"I don't like Piccadilly, Henrietta."
"But I do," said she. "It's dark now, and the long rows of lamps in Piccadilly after dark are beautiful. I _will_ go to Piccadilly!"
Of course we went. It was a pleasant night, and there were numbers of people in the streets. It was a brisk night, but not too cold, and not damp. Let me darkly observe, it was the best of all nights--FOR THE PURPOSE.
As we passed the garden wall of the Royal Palace, going up Grosvenor Place, Henrietta murmured:
"I wish I was a Queen!"
"Why so, Henrietta?"
"I would make _you_ Something," said she, and crossed her two hands on my arm, and turned away her head.
Judging from this that the softer sentiments alluded to above had begun to flow, I adapted my conduct to that belief. Thus happily we passed on into the detested thoroughfare of Piccadilly. On the right of that thoroughfare is a row of trees, the railing of the Green Park, and a fine broad eligible piece of pavement.
"Oh my!" cried Henrietta presently. "There's been an accident!"
I looked to the left, and said, "Where, Henrietta?"
"Not there, stupid!" said she. "Over by the Park railings. Where the crowd is. Oh no, it's not an accident, it's something else to look at! What's them lights?"
She referred to two lights twinkling low amongst the legs of the assemblage: two candles on the pavement.
"Oh, do come along!" cried Henrietta, skipping across the road with me. I hung back, but in vain. "Do let's look!"
Again, designs upon the pavement. Centre compartment, Mount Vesuvius going it (in a circle), supported by four oval compartments, severally representing a ship in heavy weather, a shoulder of mutton attended by two cucumbers, a golden harvest with distant cottage of proprietor, and a knife and fork after nature; above the centre compartment a bunch of grapes, and over the whole a rainbow. The whole, as it appeared to me, exquisitely done.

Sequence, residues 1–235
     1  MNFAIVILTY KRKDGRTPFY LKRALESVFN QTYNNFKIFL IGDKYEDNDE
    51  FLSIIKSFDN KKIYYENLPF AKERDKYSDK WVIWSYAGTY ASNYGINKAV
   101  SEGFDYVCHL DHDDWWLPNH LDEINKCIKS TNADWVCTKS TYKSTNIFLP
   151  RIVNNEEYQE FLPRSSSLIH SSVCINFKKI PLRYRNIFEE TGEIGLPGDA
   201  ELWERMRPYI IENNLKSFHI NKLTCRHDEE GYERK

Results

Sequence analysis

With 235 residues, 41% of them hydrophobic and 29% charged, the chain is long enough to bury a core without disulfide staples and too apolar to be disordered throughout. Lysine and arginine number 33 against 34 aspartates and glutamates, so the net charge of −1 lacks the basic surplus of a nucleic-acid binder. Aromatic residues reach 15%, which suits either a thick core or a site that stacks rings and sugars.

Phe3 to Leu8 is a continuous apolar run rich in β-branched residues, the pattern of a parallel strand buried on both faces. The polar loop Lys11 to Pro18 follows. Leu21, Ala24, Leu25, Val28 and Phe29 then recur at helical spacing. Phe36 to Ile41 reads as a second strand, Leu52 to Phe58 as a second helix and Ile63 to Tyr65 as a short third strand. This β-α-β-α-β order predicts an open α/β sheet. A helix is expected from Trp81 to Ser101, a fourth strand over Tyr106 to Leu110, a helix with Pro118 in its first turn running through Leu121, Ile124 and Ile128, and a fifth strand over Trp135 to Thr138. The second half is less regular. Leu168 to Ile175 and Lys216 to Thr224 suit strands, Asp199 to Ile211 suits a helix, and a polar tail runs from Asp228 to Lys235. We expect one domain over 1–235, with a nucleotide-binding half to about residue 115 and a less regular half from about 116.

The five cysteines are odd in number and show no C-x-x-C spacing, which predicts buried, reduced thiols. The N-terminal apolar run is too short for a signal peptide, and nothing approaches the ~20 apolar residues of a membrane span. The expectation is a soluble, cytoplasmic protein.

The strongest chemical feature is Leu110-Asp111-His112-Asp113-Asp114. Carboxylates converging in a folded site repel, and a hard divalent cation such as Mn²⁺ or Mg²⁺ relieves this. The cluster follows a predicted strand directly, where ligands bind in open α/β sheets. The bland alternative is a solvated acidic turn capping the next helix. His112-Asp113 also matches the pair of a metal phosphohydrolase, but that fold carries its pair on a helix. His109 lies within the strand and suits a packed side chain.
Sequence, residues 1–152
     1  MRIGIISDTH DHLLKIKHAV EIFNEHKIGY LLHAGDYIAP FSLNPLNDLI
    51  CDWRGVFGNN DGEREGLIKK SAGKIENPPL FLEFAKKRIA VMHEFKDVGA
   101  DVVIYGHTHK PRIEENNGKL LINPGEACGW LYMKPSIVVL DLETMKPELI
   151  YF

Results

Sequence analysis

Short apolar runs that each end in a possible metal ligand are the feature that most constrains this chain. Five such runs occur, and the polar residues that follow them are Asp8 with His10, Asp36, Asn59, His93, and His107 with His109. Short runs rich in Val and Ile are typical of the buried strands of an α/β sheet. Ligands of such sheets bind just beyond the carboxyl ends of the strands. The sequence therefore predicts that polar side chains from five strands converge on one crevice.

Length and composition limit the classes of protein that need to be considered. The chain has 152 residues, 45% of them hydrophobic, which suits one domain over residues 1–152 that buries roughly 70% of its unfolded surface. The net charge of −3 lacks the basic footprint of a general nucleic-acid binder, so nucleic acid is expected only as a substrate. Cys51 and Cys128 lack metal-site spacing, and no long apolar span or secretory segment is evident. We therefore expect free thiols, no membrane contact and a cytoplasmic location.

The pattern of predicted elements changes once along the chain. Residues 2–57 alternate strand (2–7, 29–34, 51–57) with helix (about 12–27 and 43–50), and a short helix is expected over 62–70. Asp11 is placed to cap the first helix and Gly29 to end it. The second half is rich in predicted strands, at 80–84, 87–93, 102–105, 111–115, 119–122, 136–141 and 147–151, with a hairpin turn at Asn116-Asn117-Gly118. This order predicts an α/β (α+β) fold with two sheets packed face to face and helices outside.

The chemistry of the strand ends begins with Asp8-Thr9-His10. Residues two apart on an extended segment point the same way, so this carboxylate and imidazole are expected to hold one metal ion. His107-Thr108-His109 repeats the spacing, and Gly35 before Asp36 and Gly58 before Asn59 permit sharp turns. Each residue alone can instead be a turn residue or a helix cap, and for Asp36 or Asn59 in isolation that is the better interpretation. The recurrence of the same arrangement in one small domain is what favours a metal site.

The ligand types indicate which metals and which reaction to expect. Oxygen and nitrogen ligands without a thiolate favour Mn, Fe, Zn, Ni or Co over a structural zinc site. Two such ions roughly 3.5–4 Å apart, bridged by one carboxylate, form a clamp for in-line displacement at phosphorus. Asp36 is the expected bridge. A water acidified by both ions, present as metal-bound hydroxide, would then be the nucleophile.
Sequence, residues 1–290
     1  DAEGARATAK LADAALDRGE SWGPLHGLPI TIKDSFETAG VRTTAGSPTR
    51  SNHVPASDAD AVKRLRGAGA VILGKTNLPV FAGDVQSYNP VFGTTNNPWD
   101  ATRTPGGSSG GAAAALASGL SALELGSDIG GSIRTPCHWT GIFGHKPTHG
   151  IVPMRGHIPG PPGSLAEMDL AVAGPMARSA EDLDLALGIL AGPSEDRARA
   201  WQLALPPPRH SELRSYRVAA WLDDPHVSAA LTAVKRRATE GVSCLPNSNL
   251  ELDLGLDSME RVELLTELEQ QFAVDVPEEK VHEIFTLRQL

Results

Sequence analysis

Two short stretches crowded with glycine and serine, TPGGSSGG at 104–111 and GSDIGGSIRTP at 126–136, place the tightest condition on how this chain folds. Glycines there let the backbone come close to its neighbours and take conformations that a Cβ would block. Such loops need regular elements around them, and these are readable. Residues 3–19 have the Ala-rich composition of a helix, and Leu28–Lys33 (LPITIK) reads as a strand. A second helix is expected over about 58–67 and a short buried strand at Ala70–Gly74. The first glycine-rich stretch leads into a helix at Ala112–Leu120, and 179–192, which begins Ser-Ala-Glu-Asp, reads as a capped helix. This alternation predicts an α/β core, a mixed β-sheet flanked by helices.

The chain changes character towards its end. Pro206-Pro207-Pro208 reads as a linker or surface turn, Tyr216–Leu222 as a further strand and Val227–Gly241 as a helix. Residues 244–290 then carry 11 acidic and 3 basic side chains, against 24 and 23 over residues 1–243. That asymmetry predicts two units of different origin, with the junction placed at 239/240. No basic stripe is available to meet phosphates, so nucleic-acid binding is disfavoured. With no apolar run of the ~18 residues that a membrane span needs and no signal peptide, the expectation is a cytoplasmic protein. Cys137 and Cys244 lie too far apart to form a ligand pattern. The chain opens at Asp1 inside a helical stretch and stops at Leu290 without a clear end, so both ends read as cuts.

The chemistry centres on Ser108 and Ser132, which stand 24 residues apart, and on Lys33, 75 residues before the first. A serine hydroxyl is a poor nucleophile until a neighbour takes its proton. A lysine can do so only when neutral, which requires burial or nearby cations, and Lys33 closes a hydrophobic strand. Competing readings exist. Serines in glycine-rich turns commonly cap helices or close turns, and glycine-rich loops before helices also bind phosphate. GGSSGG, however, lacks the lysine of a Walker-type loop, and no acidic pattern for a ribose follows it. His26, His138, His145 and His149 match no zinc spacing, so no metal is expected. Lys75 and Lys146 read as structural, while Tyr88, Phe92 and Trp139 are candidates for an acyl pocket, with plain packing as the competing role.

The person in attendance on these works of art was in all respects, shabbiness excepted, unlike the former personage. His whole appearance and manner denoted briskness. Though threadbare, he expressed to the crowd that poverty had not subdued his spirit, or tinged with any sense of shame this honest effort to turn his talents to some account. The writing which formed a part of his composition was conceived in a similarly cheerful tone. It breathed the following sentiments: "The writer is poor, but not despondent. To a British 1 2 3 4 5 6 7 8 9 0 Public he Pounds s. d. appeals. Honour to our brave Army! And also 0 9 8 7 6 5 4 3 2 1 to our gallant Navy. BRITONS STRIKE the A B C D E F G writer in common chalks would be grateful for any suitable employment HOME! HURRAH!" The whole of this writing appeared to me to be exquisitely done.
But this man, in one respect like the last, though seemingly hard at it with a great show of brown paper and rubbers, was only really fattening the down-stroke of a letter here and there, or blowing the loose chalk off the rainbow, or toning the outside edge of the shoulder of mutton.